The US firm accusing Blackberry-maker Research In Motion (RIM) of copying its technology has had one of its claims rejected by the American patent office.
Blackberry devices are used by three million people in the US
Officials at the US Patent and Trademark Office issued a final rejection of one of the five disputed patents owned by NTP.
It comes ahead of Friday's core court case when a US judge will decide if RIM has to shut down its service in the US.
NTP won such an order in 2003, but it was not enforced so RIM could appeal.
The crunch final decision - which could force RIM to halt Blackberry sales in the US - is now in the hands of the presiding judge in the case, US District Court Judge James Spencer.
The Patent Office's move is the first final decision on any of the disputed patents - although it has previously rejected all five on a "non-final" basis.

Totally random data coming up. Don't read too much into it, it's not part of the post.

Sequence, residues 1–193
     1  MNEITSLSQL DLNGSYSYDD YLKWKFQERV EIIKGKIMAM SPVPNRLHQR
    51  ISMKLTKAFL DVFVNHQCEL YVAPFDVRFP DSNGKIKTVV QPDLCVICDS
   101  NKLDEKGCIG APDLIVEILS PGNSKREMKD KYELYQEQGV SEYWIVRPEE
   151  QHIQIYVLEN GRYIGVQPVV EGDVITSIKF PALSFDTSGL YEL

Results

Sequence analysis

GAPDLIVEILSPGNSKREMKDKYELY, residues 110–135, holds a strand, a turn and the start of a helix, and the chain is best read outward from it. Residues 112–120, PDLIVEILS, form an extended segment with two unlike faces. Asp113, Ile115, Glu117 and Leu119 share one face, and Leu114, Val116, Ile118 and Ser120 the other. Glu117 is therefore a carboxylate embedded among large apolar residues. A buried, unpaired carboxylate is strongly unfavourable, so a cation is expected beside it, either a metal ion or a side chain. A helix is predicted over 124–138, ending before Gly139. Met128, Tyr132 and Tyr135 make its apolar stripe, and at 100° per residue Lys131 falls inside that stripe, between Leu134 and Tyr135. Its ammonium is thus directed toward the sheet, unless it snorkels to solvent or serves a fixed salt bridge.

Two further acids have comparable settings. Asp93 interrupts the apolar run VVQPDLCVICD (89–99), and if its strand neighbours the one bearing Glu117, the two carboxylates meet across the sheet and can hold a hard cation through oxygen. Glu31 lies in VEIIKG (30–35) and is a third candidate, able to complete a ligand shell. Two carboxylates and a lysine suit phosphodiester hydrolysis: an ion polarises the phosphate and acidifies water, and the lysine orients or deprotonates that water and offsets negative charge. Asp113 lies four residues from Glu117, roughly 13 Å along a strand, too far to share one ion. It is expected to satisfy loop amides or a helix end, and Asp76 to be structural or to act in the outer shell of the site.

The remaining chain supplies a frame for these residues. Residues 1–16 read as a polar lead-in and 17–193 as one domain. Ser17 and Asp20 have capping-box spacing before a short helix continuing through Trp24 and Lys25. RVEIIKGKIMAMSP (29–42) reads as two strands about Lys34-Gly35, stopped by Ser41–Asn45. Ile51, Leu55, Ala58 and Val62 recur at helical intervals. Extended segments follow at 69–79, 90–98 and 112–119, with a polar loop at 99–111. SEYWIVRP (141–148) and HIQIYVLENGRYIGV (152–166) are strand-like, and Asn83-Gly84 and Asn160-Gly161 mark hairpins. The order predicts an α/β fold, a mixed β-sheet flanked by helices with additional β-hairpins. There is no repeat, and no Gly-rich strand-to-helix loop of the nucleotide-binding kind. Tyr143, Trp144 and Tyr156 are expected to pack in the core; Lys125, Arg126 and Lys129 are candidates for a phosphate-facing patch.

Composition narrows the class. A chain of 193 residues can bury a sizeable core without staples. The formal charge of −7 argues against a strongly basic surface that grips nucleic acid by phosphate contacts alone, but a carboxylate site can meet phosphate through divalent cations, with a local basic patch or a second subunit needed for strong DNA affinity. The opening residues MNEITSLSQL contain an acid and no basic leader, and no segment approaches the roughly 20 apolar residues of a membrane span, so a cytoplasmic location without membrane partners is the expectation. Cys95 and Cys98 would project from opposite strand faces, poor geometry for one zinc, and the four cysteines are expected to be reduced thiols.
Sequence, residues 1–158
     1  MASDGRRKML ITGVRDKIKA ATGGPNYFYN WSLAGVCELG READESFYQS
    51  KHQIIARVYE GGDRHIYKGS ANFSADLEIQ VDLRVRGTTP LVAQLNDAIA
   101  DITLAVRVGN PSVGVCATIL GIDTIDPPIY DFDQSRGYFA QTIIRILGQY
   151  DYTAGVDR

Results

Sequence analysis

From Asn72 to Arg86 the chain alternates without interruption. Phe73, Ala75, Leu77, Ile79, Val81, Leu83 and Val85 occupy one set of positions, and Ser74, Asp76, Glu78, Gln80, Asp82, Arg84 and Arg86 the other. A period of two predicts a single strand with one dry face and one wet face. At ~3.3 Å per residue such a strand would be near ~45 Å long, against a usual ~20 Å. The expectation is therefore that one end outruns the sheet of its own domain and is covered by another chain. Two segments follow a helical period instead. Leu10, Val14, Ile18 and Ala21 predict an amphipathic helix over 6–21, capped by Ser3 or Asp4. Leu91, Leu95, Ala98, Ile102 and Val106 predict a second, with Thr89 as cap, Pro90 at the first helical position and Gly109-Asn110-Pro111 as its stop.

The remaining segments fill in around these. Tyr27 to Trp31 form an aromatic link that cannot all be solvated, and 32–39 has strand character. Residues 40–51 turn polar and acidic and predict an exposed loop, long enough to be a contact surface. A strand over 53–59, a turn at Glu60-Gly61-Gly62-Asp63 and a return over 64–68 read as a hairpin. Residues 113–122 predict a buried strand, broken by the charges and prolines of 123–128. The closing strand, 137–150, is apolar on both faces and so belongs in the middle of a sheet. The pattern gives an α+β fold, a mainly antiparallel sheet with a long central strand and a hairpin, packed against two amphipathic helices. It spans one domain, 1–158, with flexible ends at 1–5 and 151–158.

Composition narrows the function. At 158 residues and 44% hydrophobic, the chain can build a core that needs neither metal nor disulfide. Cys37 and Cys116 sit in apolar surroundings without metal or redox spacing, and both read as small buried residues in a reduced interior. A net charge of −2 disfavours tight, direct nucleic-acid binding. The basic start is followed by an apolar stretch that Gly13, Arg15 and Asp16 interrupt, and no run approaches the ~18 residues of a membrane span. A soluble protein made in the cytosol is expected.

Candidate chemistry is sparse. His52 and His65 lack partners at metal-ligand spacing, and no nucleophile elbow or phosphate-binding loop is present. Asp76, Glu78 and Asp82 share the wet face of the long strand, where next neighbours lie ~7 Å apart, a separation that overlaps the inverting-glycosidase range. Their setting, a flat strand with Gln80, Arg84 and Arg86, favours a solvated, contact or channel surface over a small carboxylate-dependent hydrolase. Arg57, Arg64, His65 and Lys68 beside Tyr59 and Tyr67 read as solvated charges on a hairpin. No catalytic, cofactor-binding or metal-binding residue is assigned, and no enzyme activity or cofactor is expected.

Switching off the Blackberry service in the US would affect more than three million users.
Canada-based RIM said recently that it was negotiating with NTP, but described the US firm's offer to license the disputed technology as "untenable".
The tussle between the two companies dates back to 2002, when patent-holding company NTP successfully sued RIM in a lower court.
Earlier this month the US government asked a federal judge to hold off from a possible shutdown of the Blackberry service because of the system's popularity among key government employees.